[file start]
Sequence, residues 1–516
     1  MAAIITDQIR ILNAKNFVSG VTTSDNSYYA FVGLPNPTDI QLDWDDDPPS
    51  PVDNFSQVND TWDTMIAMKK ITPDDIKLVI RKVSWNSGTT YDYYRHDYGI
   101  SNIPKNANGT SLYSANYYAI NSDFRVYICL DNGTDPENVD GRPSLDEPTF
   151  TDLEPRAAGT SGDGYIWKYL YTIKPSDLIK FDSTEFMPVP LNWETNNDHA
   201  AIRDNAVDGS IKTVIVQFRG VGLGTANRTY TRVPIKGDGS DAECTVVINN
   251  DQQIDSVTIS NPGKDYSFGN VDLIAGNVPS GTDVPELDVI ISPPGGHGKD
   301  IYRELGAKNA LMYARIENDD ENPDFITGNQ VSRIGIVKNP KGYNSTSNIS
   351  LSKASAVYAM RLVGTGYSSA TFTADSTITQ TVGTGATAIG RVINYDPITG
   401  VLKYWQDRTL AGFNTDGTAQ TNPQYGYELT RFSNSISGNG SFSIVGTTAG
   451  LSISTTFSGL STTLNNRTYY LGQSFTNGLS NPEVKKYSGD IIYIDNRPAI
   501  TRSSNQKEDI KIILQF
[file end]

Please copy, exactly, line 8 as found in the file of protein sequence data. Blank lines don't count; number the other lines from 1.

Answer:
   301  IYRELGAKNA LMYARIENDD ENPDFITGNQ VSRIGIVKNP KGYNSTSNIS